2. Odessa Catacombs
The most enigmatic part of Odessa city surroundings are the so-called catacombs. The name can be misleading, since most of the underground passages and corridors of the “Odessa catacombs” complex are remnants of limestone mines, which provided Odessa citizens with this precious building material throughout the19th century. When mines were closed down most of the tunnels were left unused and soon they were adapted by smugglers as their hideouts. During World War II catacombs were used by 13 groups of Soviet partisans as shelter during the Siege of Odessa. At one point the catacombs were even turned into battlefield with German Army. The gigantic underground labyrinth of Odessa catacombs has the estimated length of 2,500 kilometers and the exact map of corridors is not known even to historians and geologists. For that reason and also because Odessa catacombs are not yet properly renovated, individual tours into old mines are strictly forbidden. Professional tour guide assistance is mandatory to ensure safety of the visitors
The part open for the public is known as Museum of Partisan Glory, with the entrance located in village Nerubayskoye, located 15 km north from Odessa. A lot of relics from the WWII era commemorating operations of Odessa’s partisans are collected inside the museum, with original notes and drawings left by partisans on the walls of the catacombs, whose monument is located near the museum. During the tour you will see underground rooms adjusted for living and storing armory, so you can almost feel the atmosphere of everyday life and fighting during WWII. Before traveling to Odessa catacombs museum make sure that you have the obligatory tour guide assistance. Recommended by our company tour guides speak English, Russian or German fluently and are well versed in Odessa catacombs history and layout. The tour lasts 2 hours and costs $40. There is also an option of transportation to and from Nerubayskoye – the cost for hiring air-conditioned car with a driver is $20.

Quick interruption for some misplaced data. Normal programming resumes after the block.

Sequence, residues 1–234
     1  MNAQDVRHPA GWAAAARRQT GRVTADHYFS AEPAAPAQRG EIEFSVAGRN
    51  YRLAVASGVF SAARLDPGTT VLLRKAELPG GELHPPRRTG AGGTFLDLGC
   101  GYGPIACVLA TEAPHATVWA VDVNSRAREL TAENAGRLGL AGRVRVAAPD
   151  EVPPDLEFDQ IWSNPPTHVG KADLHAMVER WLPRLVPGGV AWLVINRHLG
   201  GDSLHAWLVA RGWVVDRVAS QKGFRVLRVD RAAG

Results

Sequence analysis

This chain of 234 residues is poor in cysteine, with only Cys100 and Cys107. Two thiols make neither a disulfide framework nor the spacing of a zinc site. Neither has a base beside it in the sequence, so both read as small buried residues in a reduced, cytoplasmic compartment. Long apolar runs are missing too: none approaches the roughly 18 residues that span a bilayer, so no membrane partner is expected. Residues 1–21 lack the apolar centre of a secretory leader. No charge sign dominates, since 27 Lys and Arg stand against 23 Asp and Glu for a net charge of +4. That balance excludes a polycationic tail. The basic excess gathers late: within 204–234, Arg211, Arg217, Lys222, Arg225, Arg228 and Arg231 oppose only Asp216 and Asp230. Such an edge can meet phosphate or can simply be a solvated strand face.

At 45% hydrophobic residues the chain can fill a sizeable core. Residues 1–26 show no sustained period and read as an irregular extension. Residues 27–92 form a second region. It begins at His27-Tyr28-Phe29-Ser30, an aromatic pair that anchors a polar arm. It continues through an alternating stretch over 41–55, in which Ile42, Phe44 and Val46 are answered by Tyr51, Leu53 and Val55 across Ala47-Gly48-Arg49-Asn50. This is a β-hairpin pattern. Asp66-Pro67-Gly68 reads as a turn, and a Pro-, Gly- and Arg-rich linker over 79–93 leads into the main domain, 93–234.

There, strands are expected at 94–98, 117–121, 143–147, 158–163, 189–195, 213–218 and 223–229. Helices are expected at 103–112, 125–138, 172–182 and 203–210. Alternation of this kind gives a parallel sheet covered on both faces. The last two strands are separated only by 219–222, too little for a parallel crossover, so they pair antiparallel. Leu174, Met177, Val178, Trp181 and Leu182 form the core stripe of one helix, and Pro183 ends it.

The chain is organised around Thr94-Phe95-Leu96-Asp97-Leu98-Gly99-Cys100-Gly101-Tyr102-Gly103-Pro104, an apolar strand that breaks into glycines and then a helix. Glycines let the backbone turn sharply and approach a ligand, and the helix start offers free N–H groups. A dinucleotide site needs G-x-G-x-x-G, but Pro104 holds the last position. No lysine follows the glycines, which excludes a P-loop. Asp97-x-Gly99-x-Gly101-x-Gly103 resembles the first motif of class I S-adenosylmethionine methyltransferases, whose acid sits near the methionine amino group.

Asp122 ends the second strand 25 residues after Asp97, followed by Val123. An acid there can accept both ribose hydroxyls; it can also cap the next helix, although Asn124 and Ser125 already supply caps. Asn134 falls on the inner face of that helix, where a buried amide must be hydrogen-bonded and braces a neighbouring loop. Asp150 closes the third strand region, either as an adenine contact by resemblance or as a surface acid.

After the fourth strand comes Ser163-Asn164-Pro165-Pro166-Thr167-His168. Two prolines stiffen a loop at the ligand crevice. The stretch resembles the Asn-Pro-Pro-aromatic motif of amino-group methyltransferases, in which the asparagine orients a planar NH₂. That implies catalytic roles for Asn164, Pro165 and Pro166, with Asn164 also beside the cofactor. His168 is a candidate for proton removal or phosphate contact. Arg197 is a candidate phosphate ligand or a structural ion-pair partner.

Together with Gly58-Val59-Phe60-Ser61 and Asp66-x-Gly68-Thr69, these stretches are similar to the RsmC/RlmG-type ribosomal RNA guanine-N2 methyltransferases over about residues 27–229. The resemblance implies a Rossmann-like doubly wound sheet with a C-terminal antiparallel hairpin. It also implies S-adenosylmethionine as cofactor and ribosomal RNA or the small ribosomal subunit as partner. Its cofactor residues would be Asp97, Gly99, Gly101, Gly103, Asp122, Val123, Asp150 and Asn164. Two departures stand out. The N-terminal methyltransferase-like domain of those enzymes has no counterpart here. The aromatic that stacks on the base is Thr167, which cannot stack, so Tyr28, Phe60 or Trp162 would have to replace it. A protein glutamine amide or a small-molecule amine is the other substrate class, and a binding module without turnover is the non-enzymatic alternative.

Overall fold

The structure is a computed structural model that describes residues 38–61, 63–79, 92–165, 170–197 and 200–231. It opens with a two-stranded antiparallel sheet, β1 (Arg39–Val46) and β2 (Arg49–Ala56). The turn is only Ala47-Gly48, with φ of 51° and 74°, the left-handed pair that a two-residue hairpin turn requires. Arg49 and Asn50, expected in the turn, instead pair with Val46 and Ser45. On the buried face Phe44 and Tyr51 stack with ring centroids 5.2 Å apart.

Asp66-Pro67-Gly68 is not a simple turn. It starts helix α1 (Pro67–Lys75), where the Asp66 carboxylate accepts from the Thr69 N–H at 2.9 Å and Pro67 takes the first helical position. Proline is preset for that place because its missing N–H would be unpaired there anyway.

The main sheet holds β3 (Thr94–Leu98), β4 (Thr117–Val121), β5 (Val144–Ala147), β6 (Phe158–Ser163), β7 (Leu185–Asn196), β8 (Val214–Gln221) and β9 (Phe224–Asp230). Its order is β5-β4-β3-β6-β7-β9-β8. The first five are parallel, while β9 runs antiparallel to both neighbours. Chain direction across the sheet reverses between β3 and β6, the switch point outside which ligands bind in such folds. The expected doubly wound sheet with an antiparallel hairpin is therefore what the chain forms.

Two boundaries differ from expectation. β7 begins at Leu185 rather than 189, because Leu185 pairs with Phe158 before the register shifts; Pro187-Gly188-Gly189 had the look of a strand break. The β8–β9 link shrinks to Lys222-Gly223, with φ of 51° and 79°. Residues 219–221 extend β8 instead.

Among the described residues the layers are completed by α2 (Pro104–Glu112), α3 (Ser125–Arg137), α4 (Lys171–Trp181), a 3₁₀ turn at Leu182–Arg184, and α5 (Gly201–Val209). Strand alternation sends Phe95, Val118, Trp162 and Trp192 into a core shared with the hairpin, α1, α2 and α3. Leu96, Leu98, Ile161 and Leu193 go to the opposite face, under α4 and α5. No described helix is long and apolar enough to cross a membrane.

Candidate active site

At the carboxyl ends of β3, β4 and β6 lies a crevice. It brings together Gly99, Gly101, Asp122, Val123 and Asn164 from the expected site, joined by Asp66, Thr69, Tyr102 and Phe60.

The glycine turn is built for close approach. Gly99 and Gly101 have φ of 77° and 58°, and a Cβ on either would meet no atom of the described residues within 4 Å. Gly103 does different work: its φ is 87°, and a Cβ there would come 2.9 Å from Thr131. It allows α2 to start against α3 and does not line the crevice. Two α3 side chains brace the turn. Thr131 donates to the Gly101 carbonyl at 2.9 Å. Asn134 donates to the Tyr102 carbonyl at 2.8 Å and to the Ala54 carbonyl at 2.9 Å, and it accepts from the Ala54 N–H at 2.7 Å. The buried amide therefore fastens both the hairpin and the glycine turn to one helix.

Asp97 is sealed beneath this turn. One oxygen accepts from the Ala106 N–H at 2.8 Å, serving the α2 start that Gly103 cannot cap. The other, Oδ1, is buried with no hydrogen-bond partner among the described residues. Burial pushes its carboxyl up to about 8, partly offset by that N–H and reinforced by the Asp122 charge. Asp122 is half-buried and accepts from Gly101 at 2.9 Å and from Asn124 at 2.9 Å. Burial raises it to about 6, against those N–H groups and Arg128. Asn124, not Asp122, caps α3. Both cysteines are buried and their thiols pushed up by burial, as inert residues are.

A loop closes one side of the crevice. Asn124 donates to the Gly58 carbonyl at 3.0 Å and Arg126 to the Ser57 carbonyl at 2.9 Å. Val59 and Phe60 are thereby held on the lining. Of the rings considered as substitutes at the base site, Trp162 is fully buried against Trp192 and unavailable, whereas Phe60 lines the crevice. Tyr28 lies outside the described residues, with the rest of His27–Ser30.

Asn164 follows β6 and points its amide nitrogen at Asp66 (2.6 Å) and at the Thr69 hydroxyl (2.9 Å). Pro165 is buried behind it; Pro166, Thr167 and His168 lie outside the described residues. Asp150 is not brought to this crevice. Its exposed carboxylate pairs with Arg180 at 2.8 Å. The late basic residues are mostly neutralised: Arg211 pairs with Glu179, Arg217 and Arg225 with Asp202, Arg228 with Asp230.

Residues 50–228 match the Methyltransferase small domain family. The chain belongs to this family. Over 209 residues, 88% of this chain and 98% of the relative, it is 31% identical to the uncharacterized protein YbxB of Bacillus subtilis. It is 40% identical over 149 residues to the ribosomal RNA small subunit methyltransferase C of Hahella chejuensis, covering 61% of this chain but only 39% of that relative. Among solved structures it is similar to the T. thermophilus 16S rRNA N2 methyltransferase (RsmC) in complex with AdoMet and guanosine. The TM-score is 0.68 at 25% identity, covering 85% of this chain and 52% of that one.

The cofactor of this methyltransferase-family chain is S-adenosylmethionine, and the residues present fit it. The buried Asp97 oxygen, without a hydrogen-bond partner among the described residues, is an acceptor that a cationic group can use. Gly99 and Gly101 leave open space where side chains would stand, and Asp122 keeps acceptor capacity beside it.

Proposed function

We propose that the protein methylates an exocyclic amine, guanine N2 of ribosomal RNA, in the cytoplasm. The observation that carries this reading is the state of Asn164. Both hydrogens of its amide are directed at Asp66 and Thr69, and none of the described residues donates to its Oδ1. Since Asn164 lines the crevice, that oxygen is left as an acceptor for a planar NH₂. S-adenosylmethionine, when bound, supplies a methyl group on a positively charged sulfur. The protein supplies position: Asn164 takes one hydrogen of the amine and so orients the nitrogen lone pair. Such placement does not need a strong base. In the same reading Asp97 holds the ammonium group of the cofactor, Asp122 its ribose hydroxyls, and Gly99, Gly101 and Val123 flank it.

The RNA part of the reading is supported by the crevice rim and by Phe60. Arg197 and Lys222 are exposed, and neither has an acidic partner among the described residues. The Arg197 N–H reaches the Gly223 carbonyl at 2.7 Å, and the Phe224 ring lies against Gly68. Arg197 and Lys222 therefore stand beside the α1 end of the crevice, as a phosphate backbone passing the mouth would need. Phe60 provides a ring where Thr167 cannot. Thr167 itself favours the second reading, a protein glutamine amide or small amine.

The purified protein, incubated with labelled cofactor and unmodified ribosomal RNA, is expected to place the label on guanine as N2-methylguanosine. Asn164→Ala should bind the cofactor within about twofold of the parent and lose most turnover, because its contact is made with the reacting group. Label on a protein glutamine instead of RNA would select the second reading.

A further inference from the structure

3. Odessa’s Memorial 411 Battery
For those, who are interested in World War II Battery 411 is a must-see location. It is the place of historic battlefield, located at the outskirts of Odessa and is known as the Siege of Odessa territory. The battery was built in 1935 to defend port and the city against German Army. It was a place of fierce and long battle between Soviet Forces and German Army, which took place in 1941. By the end of 73 days of Odessa siege there were roughly 93,000 casualties on German side and 41,000 casualties among Soviets. During the siege artillery batteries fired estimated number of 200,000 shells to protect the city against invaders. On the last day of siege the battery was blown up on the command of the Marshal of the Soviet Union, Georgy Konstantinovich Zhukov. Currently 411 Battery is a WWII museum with multiple exhibits from this epoch. The cost of two hour tour around 411 Battery with assistance of English, Russian or German speaking tour guide costs $40.00. Additional transportation fee (transport from hotel to the battery location and back in air-conditioned car) is $20